said sales of service provider routers (SPR) slipped 4 percent in the first quarter, however analysts with the Stamford, Conn., research firm said the market for has stabilized.
SPR sales totaled $428.2 million during the first three months of 2003, down 4 percent from the last three months of 2002.
“(The decline) is probably because of economic conditions and uncertainty in the market because of the war in Iraq,” said Jennifer Liscom, principal analyst for Gartner’s worldwide telecommunications and networking group.
“The first quarter is typically a slow quarter for this market, but results from the past two quarters indicate that the market has stabilized,” she added.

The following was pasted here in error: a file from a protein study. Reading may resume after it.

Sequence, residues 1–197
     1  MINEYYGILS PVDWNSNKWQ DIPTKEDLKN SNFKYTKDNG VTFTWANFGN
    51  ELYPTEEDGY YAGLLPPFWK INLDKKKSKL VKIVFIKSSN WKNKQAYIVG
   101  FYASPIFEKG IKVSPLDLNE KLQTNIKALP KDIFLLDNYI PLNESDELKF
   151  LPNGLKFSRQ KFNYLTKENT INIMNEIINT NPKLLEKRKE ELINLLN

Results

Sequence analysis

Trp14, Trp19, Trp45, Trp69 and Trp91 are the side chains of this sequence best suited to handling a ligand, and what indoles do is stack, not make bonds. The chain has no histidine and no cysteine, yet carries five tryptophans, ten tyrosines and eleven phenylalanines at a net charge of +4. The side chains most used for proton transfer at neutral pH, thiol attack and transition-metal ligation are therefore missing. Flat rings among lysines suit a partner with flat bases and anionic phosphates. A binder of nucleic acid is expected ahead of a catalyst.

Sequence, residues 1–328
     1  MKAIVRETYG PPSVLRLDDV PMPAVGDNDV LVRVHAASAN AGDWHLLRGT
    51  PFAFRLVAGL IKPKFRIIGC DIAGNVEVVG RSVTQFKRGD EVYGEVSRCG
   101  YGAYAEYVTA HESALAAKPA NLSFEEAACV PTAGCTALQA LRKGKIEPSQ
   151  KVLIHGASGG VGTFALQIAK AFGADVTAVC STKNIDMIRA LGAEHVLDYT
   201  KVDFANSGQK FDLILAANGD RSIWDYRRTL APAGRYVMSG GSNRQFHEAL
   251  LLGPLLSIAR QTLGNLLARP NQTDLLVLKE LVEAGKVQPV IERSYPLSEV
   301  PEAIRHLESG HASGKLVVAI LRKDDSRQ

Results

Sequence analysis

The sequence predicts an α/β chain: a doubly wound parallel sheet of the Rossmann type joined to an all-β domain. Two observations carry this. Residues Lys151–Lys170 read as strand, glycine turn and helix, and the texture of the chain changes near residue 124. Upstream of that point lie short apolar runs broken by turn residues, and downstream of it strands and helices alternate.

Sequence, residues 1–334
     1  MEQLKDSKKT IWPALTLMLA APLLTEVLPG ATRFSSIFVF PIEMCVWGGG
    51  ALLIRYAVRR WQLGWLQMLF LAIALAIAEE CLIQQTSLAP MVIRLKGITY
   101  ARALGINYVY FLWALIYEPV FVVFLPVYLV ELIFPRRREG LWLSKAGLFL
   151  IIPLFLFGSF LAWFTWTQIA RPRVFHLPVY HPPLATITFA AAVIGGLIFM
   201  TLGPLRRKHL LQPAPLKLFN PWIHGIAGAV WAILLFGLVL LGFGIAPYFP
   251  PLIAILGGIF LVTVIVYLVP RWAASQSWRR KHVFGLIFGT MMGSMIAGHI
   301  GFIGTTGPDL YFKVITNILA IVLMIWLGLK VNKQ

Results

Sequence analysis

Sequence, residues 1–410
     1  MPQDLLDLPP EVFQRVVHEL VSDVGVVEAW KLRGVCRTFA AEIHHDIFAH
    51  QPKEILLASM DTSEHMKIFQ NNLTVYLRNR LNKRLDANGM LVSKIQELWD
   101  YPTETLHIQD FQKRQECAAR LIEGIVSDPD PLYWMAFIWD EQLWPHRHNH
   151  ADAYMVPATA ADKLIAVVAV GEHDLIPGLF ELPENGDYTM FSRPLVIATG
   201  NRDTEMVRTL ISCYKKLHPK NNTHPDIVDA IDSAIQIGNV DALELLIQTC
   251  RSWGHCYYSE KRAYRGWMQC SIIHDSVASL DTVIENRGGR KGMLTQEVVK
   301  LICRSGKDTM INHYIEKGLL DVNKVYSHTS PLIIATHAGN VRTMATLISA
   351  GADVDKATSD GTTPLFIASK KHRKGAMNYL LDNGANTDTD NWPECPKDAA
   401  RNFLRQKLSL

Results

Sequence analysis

The market will likely change in the second half as newcomers Procket and Caspian Networks introduce products.
Procket said its offering, which is currently being field tested, boasts high capacities and lower power consumption that should save customers will save money over. The products also occupy less floor space.
Increased competition could bring prices down.
These startups will be looking to cut into Cisco’s business, which continued to lead with SPR revenue of $236 million in the first quarter, good for 55 percent of the market. Gartner said. Juniper was second tallying $129 million, or 30 percent, with strong sales of its M- and E-series products.
Redback and Nortel followed with $24.7 million, or 5.8 percent, and Nortel with $11.5 million, or 2.7 percent. Other router makers combined for $27.6 million, or 6.4 percent marketshare.